I haven’t found any mediawiki extension capable of auto arching links. Only https://github.com/Internetarchive/internetarchivebot but that looks difficult to setup.

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I see. Is there anyway to enumerate the references for th entire wiki in one page/list so I can manually start checking that everything is preserved?

Not really.

The markdown backup might come handy.

grep -r '\[http://'

and

grep -r '\[https://'

Was looking at https://www.kicksecure.com/wiki/Special:SpecialPages. Most useful thing I found was this:

Something under 5000 links. Could be a lot duplicates though. Even if there was a list, I doubt it’s possible do that manually? This would need to be scripted.

  • generate list of links probably starting by greping https://gitlab.com/whonix/whonix-wiki-backup
  • drop links which are already pointing to web archive
  • check if link is already archived
  • use (already existing) web archive cli tool to ask web archive to archive it
  • wait a few seconds to not hit web archive rate limits

Can you make a regex to extract links from a line? Example line:

Metadata.mw:| text = In recent times, leakers of high-value or high-security source documents have been identified (and jailed) via [http://blog.fastforwardlabs.com/2017/06/23/fingerprinting-documents-with-steganography.html embedded steganographic messages] or the [https://www.zachaysan.com/writing/2017-12-30-zero-width-characters zero-width space (homoglyph substitution)] technique. In the latter method, the leaker is unable to see additional zero-width or zero-width non-joiner characters which are used to fingerprint text. Even a single type of zero-width character provides enough bits of entropy to fingerprint the relevant text.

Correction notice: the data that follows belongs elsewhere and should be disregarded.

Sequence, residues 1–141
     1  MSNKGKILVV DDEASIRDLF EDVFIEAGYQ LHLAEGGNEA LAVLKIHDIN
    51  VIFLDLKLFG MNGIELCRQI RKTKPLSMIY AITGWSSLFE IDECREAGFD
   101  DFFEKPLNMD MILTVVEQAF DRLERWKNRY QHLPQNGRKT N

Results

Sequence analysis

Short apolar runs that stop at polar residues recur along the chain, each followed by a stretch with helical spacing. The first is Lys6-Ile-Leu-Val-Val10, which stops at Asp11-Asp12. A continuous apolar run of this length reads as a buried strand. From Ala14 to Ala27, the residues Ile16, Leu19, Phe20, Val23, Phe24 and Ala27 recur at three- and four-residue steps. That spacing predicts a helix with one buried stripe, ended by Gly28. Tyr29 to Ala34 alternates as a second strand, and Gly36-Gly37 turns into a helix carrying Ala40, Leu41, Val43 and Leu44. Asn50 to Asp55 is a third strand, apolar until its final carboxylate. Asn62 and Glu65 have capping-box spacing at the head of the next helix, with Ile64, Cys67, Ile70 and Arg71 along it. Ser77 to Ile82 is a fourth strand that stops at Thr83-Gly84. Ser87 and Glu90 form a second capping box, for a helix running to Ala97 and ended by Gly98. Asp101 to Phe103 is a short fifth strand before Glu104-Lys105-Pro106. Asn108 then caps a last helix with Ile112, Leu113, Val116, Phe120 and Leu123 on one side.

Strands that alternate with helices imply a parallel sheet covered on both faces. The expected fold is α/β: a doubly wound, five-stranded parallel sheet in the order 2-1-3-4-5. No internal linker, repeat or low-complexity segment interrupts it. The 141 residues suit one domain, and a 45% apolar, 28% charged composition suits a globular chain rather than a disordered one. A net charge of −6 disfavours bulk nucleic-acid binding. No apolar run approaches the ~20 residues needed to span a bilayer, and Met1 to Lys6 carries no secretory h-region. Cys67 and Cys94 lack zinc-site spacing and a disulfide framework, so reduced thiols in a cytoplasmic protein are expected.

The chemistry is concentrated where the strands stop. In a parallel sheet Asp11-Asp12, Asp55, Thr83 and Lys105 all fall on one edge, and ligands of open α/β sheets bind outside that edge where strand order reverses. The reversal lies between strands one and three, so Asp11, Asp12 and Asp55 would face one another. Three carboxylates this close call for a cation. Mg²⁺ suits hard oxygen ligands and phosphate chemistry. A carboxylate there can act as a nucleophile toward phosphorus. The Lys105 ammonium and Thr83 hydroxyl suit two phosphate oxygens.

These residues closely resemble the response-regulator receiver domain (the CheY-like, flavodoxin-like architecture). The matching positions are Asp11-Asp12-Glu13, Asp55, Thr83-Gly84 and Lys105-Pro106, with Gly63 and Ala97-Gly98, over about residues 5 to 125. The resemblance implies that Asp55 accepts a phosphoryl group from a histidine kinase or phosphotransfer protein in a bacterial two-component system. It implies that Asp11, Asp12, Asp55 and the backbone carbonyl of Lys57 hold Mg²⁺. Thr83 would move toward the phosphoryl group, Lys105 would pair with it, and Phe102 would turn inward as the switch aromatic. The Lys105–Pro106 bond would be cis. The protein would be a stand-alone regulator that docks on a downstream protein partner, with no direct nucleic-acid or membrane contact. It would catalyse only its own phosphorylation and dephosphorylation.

Required result:

[http://blog.fastforwardlabs.com/2017/06/23/fingerprinting-documents-with-steganography.html embedded steganographic messages] [https://www.zachaysan.com/writing/2017-12-30-zero-width-characters zero-width space (homoglyph substitution)]

(Or with newline. Even better.)

And another regex to convert for example.

[http://blog.fastforwardlabs.com/2017/06/23/fingerprinting-documents-with-steganography.html embedded steganographic messages]

to

http://blog.fastforwardlabs.com/2017/06/23/fingerprinting-documents-with-steganography.html

I need help with the regex for creation but the rest I think I can script.

But does this need to be invented? Are the other tools or services which scan an entire website and start to archive all external links?

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The original (deleted) page from cellebrite:

This can maybe fit somewhere in the wiki.

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https://nitter.net/moxie/status/1337434126186553345

According to moxie (founder of signal):

" This (was!) an article about “advanced techniques” Cellebrite uses to decode a Signal message db… on an unlocked Android device! They could have also just opened the app to look at the messages."

Claims stay claims until being proved by cellebrate.